OMG, what an adventure! I've just returned from a long-anticipated vacation to New Zealand and Australia. I'm exhausted but very relaxed at the same time. Exhausted, as one might expect, from a combined travel time of over 52 hours, but relaxed from the overall effects of a wondrous two week journey through the South Pacific.
Yes, I said 52+ hours of combined travel time which included two hotels, two airlines, four airports and about 25 hours of sitting on and flying in airplanes. When I travel on vacation I have no worries and take most everything in stride. I had three days to get home and back to work on time so it, the return journey, starts here:
Friday, November 6th, Sydney, Australia (Thursday, November 5th, Dallas, Texas)
0800 - Rise and shine at the Sydney Travelodge Hotel. Have to eat, dress, check-out, return the rental car and check-in for the 3PM Qantas departure on the new A380 to Los Angeles.
1030 - Arrived at the airport to check-in but was told the counters only open four hours before departure. By 1115 I'm checked in and running the gauntlet of duty free shops to the gate.
1410 - Gate 9 finally opens for boarding. Similar to the check-in counters, gates open only just prior to boarding for departures to the U.S. for security purposes.
1430 - Boarding begins 40 minutes prior to scheduled departure for a 1-million pound airplane configured for 450 people in four classes of service over seven zones on two levels. My seat is 70A, a window just at the trailing edge of the impossibly massive left wing.
1520 - The first public address announcement stating why we have not pushed on schedule at 3:10PM: There is a problem with the Fuel Management System. Ok. Fuel management is fairly critical for a 13 hour flight over open water but I had built more than three hours of time in to my transit at LAX so I wasn't particularly worried. We push back at about 1600.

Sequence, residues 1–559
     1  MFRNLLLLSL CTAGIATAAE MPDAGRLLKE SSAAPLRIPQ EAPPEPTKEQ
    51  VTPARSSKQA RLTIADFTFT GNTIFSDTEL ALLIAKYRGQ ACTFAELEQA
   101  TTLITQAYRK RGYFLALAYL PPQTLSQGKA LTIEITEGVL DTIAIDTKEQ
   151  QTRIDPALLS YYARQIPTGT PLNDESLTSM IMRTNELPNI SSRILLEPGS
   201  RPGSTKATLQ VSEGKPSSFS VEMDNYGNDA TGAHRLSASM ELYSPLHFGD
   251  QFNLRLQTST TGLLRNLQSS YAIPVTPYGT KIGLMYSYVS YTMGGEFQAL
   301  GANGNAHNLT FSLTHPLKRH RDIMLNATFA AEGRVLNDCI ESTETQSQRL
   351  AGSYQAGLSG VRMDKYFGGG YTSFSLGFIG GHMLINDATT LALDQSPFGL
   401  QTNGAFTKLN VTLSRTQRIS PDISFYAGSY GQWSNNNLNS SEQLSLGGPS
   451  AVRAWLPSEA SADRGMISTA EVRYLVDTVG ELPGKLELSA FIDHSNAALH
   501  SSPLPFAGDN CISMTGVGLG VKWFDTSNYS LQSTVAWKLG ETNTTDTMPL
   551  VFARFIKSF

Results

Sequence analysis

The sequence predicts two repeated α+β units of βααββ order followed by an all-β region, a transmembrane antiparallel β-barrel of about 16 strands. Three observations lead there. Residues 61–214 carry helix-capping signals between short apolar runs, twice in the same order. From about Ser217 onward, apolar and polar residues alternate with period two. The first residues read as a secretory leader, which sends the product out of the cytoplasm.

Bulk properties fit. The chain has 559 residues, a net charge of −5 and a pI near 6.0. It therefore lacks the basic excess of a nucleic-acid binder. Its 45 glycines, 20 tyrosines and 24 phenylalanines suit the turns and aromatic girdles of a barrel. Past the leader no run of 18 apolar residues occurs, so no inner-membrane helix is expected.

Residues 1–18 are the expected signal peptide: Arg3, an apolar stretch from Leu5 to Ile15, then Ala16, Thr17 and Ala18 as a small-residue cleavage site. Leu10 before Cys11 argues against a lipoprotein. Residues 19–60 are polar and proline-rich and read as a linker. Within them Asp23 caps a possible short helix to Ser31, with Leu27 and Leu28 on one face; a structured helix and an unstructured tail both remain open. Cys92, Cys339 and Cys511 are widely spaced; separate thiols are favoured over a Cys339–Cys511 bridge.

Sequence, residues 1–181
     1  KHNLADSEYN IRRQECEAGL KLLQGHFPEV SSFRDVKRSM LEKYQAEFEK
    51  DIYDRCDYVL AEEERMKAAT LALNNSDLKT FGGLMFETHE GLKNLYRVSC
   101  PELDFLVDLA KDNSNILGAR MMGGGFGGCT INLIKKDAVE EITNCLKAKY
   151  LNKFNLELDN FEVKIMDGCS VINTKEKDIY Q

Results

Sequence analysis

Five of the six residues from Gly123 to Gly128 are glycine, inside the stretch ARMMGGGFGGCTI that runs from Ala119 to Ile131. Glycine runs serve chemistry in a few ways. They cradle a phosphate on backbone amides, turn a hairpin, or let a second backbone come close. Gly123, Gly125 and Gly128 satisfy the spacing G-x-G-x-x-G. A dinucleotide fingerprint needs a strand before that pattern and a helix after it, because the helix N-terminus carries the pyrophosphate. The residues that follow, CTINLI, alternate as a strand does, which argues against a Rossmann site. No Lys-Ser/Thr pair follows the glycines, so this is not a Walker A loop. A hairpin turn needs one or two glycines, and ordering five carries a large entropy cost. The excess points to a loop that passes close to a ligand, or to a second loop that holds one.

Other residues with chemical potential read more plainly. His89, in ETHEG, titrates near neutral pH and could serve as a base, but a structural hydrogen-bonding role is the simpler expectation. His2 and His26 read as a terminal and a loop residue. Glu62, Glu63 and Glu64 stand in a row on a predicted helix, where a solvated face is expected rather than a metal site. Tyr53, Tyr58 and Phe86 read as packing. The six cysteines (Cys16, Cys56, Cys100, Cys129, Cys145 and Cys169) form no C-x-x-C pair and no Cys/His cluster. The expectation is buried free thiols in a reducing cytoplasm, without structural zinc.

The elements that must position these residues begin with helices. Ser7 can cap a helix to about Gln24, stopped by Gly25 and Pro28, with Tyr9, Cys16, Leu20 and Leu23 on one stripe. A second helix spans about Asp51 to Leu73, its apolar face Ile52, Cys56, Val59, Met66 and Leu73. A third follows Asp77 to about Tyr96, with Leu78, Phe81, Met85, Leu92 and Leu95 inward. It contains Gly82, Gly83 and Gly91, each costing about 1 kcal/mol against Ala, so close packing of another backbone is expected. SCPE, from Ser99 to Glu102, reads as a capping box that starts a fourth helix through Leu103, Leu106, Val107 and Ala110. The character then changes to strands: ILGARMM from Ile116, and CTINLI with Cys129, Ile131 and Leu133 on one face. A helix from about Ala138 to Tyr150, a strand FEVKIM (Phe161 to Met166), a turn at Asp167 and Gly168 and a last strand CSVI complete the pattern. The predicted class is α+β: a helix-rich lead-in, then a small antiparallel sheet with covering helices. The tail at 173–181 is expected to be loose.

1615 - Back to the gate. Captain still not satisfied with the repairs and wants another look.
1700 - Push again, and nearly two hours from scheduled departure. I'm wondering if the United flight, scheduled only 15 minutes after Qantas but with the venerable 747-400, left on time.
1715 - Southbound take-off, over Botany Bay, slight right hand turn until we clear the coast then left for a northeast track to California. Dinner is served and I went with the beef in red wine instead of "Greek Chicken."
1930 - Roughly halfway across the northernmost reach of the Tasman Sea and due south of Noumea, New Caledonia comes the captain: "I hope you've enjoyed a nice dinner," he says encouragingly. I smell set-up, however. Sure enough, the Fuel Management System has essentially failed. The choice was either divert to Fiji or return to Sydney - we're turning around, he says, and going back.
Some chuckling but mostly grumbling through-out the plane, not only for having to turn around but because the more exotic Fiji was not selected as a place to relax and wait for Qantas to get its act together. Sydney was really the best choice for a host of reasons. We were not in an immediate life-threatening emergency, the maintenance base was at Sydney and, exotic as it may be, the chances of Fiji having enough hotel rooms for a planeload of stranded passengers suddenly dropping in were not as high as Sydney, a city of four million people.